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How To Tell Your Partner You're Pregnant — Planned Or Unplanned

Sarah Regan
Sarah Regan
mbg Spirituality & Relationships Editor
By Sarah Regan
mbg Spirituality & Relationships Editor
Sarah Regan is a Spirituality & Relationships Editor, and a registered yoga instructor. She received her bachelor's in broadcasting and mass communication from SUNY Oswego, and lives in Buffalo, New York.

Planned or unplanned, pregnancy is big news to both parties involved. If you recently found out you're pregnant, you're probably thinking about the best way to tell the other person—so we asked experts how to go about it. Here's what they had to say.

Telling your partner when the pregnancy is planned:


Take some time to process for yourself if you can.

Even if you and your partner were trying to get pregnant, the moment you see that positive test result is still going to be a huge moment. If you took the test solo while your partner wasn't there, don't feel like you have to tell them right away unless you want to.

As licensed marriage and family therapist Shane Birkel, LMFT, tells mbg, you can take as much time as you need to process before letting them know, whether it's a couple of hours or a couple of days. "You'll have the ability to experience all those emotions without there being any pressure," he says.


Consider the timing & setting.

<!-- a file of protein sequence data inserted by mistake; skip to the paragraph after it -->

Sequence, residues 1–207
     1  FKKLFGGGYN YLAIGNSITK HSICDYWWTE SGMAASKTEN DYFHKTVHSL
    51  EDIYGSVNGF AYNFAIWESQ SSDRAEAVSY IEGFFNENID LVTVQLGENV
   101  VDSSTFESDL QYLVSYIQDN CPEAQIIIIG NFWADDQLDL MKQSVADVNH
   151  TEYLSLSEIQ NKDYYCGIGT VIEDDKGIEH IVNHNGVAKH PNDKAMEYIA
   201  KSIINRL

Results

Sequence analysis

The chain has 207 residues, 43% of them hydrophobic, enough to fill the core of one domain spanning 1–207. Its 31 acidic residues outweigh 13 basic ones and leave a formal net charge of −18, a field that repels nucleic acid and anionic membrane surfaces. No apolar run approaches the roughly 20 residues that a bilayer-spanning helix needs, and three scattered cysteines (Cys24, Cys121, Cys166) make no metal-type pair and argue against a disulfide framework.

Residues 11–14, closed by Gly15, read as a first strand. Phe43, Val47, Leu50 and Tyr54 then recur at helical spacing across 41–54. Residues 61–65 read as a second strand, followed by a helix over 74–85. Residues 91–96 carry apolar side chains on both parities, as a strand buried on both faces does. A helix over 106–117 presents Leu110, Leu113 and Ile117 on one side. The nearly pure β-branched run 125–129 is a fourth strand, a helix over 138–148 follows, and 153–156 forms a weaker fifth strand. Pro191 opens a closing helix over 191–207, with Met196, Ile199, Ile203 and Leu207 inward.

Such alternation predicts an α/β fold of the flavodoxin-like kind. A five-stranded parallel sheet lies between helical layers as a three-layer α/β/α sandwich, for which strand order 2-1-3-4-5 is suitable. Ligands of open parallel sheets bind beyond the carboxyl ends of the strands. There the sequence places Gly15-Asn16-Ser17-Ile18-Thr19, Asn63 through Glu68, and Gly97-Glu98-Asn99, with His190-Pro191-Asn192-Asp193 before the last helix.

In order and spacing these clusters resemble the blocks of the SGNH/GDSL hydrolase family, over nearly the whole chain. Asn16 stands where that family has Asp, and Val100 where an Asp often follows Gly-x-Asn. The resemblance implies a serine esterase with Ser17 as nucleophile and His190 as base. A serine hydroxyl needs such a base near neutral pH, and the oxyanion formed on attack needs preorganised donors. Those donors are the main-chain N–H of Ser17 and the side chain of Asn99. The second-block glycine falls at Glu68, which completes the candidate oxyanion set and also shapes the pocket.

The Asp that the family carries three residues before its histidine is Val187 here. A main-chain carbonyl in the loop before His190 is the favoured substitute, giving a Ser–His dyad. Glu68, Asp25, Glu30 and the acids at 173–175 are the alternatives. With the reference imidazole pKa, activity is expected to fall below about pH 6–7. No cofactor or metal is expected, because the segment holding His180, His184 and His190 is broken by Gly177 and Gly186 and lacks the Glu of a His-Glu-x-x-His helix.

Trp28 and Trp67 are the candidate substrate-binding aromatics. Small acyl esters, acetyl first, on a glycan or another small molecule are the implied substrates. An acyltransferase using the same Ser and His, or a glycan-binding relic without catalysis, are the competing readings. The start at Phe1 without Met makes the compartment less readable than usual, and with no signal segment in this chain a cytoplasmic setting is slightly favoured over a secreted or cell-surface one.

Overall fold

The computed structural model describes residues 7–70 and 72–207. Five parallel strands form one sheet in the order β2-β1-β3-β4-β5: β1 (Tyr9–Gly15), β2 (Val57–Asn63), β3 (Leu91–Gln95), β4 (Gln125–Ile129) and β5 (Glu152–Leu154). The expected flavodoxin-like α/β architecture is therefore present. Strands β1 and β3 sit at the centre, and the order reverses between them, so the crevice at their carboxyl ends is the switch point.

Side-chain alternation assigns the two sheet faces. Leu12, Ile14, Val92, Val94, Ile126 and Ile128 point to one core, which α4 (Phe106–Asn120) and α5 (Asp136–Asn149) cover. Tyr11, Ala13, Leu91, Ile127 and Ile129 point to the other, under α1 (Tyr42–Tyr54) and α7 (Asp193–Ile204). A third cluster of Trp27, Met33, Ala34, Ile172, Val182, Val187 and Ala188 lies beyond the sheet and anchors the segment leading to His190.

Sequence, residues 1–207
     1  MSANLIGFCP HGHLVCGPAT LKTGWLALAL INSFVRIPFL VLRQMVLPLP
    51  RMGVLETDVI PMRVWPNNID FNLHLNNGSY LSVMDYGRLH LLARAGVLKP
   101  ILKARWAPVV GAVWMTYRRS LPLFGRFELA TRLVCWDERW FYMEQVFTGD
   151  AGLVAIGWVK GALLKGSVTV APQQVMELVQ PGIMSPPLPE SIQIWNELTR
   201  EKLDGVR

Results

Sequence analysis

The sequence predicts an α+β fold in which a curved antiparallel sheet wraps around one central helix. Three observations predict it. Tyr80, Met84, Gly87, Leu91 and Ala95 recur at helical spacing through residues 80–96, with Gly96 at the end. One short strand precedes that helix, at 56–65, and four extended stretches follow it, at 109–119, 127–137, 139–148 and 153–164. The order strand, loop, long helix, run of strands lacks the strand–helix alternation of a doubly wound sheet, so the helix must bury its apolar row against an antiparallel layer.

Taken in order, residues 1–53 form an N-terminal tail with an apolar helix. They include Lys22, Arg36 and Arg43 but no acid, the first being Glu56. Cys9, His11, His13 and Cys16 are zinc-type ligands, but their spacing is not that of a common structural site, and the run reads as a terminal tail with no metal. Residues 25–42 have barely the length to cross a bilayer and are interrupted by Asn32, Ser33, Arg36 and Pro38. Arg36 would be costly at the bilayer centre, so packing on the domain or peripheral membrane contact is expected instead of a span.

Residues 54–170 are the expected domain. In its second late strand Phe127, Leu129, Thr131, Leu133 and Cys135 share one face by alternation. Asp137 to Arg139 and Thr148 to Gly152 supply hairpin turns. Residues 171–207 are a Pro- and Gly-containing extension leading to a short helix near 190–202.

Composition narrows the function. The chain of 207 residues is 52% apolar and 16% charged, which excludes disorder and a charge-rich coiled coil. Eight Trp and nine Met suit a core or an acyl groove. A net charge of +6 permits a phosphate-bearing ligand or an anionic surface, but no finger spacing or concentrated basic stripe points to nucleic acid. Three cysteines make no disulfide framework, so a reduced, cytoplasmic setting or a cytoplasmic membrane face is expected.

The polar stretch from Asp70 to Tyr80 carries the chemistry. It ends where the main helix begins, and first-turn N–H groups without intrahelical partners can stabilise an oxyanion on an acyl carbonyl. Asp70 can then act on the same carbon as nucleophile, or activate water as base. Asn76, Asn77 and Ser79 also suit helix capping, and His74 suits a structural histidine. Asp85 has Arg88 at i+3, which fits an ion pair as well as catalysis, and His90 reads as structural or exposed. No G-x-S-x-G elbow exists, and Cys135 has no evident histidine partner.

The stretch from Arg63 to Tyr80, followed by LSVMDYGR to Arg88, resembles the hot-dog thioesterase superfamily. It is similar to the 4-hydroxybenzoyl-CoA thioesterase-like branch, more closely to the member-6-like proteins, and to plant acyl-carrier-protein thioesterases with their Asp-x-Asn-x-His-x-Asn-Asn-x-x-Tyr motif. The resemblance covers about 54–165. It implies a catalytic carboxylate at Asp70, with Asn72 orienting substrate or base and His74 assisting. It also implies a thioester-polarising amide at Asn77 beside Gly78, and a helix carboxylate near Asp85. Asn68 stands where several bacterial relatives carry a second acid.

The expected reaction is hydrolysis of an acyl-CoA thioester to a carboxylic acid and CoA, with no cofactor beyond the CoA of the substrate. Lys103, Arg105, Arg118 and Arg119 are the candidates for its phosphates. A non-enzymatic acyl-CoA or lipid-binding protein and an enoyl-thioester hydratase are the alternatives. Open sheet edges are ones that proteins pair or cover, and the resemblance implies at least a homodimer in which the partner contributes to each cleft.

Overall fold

When you do decide you're ready to share the news, psychoanalyst Babita Spinelli, L.P., suggests communicating the news in person if you can. "This is a huge life event, and connecting with your partner in person to see the look on their face, feel their emotions, and physically touch, elevates the experience," she explains.

She also adds you'll want to pick a time and place when and where you can share in the joy at your own speed with no interruptions, so it's not a bad idea to make sure your partner knows you want to set aside time to talk.


Don't expect a certain reaction.

According to Birkel, there can sometimes be an expectation for your partner to react to a pregnancy announcement in a particular way, but he cautions against expectations here.

"Sometimes people can feel disappointed if the other person is shocked, quiet, or doesn't know what to say," he notes, adding, "That doesn't mean they're not going to be excited or there's anything wrong, it just means they haven't had that chance to process this huge life event yet."


Have fun with it.